These helicopters have been approved by the aviation authority of
France and are approved for operation in the United States. Pursuant to
our bilateral agreement with France, EASA, its technical
representative, has notified us of the unsafe condition described in
the EASA AD. We are issuing this AD because we evaluated all
information provided by EASA and determined the unsafe condition exists
and is likely to exist or develop on other helicopters of these same
type designs and that air safety and the public interest require
adopting the AD requirements as proposed.
Differences Between This AD and the EASA AD
The EASA AD limits the applicability to helicopters with a lower
strobe light installed and with certain serial numbers or that are in
configuration based upon a modification, service information, or
engineering drawings. This AD applies to all Model AS-365N2 and AS 365
N3 helicopters with a lower strobe light installed.
Related Service Information Under 1 CFR Part 51
We reviewed Airbus Helicopters Alert Service Bulletin No. AS365-
05.00.73, Revision 1, dated December 12, 2016, which specifies
procedures for inspecting the lower strobe light electrical harness for
interference and chafing with the helicopter structure and also
specifies procedures for installing a cable mount to secure the
electrical harness. These procedures correspond to Airbus Helicopters
modification (MOD) 365P084778.00.
This service information is reasonably available because the
interested parties have access to it through their normal course of
business or by the means identified in the ADDRESSES section.
Costs of Compliance
We estimate that this AD affects 30 helicopters of U.S. Registry.
We estimate that operators may incur the following costs in order to
comply with this AD.
At an average labor rate of $85 per work-hour, installing a cable
mount and inspecting the strobe light wiring harnesses requires about
work-hour, and required parts cost about $50, for a cost of $135 per
helicopter and a total cost of $4,050 to all U.S. operators.
If required, replacing torn spiral tape requires about 1 work-hour,
and required parts cost $45, for a cost of $130 per helicopter.
If required, replacing a chafed wiring harness between the cut-off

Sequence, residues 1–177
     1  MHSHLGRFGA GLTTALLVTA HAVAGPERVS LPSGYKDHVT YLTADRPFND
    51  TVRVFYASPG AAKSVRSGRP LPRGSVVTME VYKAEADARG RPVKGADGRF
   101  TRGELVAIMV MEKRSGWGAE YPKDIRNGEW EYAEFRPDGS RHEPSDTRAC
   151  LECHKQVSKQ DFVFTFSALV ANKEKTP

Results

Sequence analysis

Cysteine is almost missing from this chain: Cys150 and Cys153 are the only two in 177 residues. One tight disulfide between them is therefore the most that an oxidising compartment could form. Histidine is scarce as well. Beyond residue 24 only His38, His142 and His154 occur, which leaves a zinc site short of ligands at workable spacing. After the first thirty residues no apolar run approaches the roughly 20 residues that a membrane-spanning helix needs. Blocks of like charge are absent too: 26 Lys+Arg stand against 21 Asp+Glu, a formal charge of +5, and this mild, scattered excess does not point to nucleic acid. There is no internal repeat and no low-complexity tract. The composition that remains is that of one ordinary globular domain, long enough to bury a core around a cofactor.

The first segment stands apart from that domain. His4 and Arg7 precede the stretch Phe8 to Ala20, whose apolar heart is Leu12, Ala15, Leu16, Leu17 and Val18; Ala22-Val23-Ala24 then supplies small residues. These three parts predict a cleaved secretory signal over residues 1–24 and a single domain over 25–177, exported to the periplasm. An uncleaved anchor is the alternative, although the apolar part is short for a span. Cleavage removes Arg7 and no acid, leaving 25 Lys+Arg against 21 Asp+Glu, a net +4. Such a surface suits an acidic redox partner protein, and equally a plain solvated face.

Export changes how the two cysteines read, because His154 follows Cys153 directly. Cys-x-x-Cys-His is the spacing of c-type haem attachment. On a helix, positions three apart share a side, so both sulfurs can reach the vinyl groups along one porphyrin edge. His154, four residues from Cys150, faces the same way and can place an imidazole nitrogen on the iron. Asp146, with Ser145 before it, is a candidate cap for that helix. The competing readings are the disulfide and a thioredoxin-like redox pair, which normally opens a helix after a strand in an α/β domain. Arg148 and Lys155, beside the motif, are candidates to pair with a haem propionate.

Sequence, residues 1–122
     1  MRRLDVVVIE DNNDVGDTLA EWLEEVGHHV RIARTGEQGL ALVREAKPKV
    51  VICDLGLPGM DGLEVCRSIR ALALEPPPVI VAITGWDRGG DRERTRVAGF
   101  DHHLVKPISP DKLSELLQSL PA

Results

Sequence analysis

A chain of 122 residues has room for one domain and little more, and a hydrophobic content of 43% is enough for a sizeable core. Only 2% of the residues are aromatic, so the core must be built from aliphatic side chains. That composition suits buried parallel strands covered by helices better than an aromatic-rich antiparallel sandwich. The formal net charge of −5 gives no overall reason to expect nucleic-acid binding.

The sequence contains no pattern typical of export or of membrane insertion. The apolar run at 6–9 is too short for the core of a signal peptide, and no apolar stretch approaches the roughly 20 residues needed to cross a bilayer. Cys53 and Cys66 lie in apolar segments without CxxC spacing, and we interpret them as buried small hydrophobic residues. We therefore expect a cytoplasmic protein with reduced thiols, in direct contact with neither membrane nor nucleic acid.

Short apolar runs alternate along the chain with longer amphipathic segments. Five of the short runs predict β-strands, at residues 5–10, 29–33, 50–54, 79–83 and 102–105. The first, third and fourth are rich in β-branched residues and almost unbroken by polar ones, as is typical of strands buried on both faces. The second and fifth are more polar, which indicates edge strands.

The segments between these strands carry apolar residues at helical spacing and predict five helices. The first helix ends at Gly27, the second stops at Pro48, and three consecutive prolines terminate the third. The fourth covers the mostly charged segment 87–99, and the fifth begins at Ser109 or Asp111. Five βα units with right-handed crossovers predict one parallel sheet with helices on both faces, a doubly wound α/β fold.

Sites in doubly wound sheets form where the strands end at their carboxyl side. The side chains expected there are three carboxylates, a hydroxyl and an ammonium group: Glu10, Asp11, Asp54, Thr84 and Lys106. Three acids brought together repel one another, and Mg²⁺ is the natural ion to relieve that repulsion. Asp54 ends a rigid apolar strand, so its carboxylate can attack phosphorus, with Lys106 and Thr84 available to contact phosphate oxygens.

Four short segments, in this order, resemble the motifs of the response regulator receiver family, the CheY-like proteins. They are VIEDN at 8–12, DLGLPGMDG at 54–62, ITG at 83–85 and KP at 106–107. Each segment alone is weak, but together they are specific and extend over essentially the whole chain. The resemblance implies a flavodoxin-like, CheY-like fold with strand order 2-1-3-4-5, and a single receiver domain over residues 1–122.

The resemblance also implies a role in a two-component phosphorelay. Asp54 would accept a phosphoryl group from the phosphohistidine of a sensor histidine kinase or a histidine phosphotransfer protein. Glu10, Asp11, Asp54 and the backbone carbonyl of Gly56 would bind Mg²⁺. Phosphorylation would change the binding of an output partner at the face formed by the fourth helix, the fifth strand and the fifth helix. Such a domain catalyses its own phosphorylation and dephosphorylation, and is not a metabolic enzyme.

connector and Frame 2000 requires about 3 work-hours, and required
parts cost $90, for a cost of $345 per helicopter.
If required, replacing a chafed lower strobe light wiring harness
requires about 3 work-hours, and required parts cost $154, for a cost
of $409 per helicopter.
Authority for This Rulemaking
Title 49 of the United States Code specifies the FAA's authority to
issue rules on aviation safety. Subtitle I, section 106, describes the
authority of the FAA Administrator. Subtitle VII: Aviation Programs,
describes in more detail the scope of the Agency's authority.
We are issuing this rulemaking under the authority described in
Subtitle VII, Part A, Subpart III, Section 44701: ``General
requirements.'' Under that section, Congress charges the FAA with
promoting safe flight of civil aircraft in air commerce by prescribing
regulations for practices, methods, and procedures the Administrator
finds necessary for safety in air commerce. This regulation is within
the scope of that authority because it addresses an unsafe condition
that is likely to exist or develop on helicopters identified in this
This AD will not have federalism implications under Executive Order
13132. This AD will not have a substantial direct effect on the States,
on the relationship between the national government and the States, or
on the distribution of power and responsibilities among the various
levels of government.
For the reasons discussed above, I certify that this AD:
(1) Is not a ``significant regulatory action'' under Executive
(2) Is not a ``significant rule'' under DOT Regulatory Policies and
Procedures (44 FR 11034, February 26, 1979);
(3) Will not affect intrastate aviation in Alaska to the extent
that it justifies making a regulatory distinction; and
(4) Will not have a significant economic impact, positive or
negative, on a substantial number of small entities under the criteria
of the Regulatory Flexibility Act.
We prepared an economic evaluation of the estimated costs to comply
with this AD and placed it in the AD docket.
List of Subjects in 14 CFR Part 39
Air transportation, Aircraft, Aviation safety, Incorporation by
Adoption of the Amendment
Accordingly, under the authority delegated to me by the
Administrator, the FAA amends 14 CFR part 39 as follows:
PART 39--AIRWORTHINESS DIRECTIVES
1. The authority citation for part 39 continues to read as follows:
Authority: 49 U.S.C. 106(g), 40113, 44701.
Sec. 39.13 [Amended]
2. The FAA amends Sec. 39.13 by adding the following new airworthiness